There’s no question that ceiling fans offer an array of benefits. They can help cool off a room or space, and many are aesthetically appealing. However, if you are thinking about installing these, you may wonder how much energy they use.
Keep reading to learn everything you need to know about ceiling fans and energy consumption.
Why the Watts Matter
While many fans are different, there is one thing they all have in common – electric motors that are rated using watts. This is how much power is needed to run the fan.
Today’s ceiling fans can be found in an array of sizes and shapes. The most common sizes used today include 23-inch fans for smaller rooms, 44-inch fans for an average sized room, and 52-inch fans for larger rooms. You can also order specialty fans in larger sizes, if needed.
Something that may be surprising is that there’s not much correlation between the size of the blades and the wattage of a ceiling fan. For example, the smaller fans (on average) consume 54 watts when turned on to full speed and the larger fans average 58 watts when turned on at full speed.
This is barely a four-watt difference.
If you turn the fans on at a lower speed, the larger ones outperform the smaller ones when it comes to energy efficiency, which is also somewhat surprising.
Smaller Fans Don’t Mean Less Energy Consumption
If you are trying to choose a new fan, you shouldn’t base the decision on the belief that if you install a smaller fan it is going to help you save money on your electric costs. In fact, the cost of running a small vs. large fan is virtually identical.
Save Energy with Energy Star Rated Ceiling Fans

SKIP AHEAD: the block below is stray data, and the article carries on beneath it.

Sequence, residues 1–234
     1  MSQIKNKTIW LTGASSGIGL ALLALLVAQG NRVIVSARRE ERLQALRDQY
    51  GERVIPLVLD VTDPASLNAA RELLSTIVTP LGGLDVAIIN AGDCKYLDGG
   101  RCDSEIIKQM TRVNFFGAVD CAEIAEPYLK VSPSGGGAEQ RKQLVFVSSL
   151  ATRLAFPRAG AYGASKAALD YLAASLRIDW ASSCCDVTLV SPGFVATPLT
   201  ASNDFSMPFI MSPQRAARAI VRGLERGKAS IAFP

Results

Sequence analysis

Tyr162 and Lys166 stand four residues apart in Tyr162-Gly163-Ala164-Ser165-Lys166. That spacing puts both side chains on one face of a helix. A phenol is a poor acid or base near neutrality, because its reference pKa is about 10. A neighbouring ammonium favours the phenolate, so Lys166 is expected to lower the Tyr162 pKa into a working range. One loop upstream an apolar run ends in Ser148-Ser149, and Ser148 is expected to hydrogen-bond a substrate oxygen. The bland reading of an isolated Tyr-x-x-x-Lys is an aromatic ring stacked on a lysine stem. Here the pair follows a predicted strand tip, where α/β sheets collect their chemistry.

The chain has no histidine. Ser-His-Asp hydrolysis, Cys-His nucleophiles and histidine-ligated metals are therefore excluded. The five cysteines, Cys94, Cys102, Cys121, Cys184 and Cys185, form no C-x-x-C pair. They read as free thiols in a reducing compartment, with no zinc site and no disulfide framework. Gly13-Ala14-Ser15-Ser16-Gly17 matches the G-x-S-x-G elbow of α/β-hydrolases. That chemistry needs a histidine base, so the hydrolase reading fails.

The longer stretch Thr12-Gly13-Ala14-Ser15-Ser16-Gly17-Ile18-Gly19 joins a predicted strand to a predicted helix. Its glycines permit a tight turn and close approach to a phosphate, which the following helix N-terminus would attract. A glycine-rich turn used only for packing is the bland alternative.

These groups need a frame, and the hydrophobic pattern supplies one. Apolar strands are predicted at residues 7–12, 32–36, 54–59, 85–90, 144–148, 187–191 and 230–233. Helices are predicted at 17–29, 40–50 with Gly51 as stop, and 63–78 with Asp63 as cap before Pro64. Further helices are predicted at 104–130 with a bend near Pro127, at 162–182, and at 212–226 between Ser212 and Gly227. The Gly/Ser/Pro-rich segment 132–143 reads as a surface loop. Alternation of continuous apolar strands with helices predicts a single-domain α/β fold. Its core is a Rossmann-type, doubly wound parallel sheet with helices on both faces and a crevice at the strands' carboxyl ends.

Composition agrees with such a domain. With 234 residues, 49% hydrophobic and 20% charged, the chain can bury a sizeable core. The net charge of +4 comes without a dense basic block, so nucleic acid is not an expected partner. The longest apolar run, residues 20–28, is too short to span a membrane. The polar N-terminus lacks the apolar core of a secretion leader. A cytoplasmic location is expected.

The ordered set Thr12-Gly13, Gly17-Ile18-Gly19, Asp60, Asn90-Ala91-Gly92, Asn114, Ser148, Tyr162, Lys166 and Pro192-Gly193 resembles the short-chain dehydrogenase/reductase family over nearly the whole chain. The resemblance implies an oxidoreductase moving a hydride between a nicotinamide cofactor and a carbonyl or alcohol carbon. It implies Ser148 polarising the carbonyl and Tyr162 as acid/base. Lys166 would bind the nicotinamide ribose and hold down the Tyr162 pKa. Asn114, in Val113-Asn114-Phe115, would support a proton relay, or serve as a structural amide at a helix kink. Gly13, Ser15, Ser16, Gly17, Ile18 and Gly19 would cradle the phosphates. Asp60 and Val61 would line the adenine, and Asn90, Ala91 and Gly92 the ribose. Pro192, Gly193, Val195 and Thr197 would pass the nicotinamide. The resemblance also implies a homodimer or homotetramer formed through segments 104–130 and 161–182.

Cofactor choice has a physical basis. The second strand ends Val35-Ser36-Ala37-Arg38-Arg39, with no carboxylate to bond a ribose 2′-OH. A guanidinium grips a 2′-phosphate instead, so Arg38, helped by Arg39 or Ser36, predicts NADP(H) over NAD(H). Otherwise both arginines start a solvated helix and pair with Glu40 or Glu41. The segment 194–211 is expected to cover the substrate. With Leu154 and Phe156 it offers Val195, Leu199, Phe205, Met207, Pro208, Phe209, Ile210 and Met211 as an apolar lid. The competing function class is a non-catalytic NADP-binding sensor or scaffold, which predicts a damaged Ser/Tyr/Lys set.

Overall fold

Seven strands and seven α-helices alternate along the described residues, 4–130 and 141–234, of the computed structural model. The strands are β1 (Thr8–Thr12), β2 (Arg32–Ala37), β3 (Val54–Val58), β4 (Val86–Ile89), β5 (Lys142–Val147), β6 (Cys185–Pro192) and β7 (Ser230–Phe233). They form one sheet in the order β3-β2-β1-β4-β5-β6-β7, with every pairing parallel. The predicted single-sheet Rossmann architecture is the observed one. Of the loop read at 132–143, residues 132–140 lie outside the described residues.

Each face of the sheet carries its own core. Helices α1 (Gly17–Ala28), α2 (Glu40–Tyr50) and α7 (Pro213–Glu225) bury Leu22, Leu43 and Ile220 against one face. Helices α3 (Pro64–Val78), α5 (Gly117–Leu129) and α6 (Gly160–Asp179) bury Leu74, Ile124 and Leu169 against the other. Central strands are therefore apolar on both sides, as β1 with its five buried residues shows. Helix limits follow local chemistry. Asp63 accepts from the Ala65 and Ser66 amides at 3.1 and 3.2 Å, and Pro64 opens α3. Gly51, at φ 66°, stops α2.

You can find Energy Star rated ceiling fans, which are considered high efficiency by the Environmental Protection Agency. There are many of these fans that are considered extremely low power, with some using under 30 watts when turned on at full power. The biggest downside of these fans is that they cost more. You’ll find that a base model often comes with a price take that runs in the $400+ range.
Don’t Forget About the Light Bulbs
The lights on a fan may seem like an afterthought more than anything else. Even the government believes this, because the EPA does not take into consideration the watts that the lights draw when creating the EnergyGuide tags.
However, you do need to think about this when making a purchase. If the fan uses incandescent bulbs, this adds another 60 watts per bulb. For the standard A19 light bulbs, the most power efficient is an LED replacement. A 60-watt replacement will draw just 9 watts.
If you want to ensure you get the most energy efficient ceiling fan possible, use the tips here. It’s also a good idea to hire an electrician for help deciding what fan to purchase and to help with the installation process.
Are you needing a ceiling fan installed in Kansas City? Contact Fusion Electric today!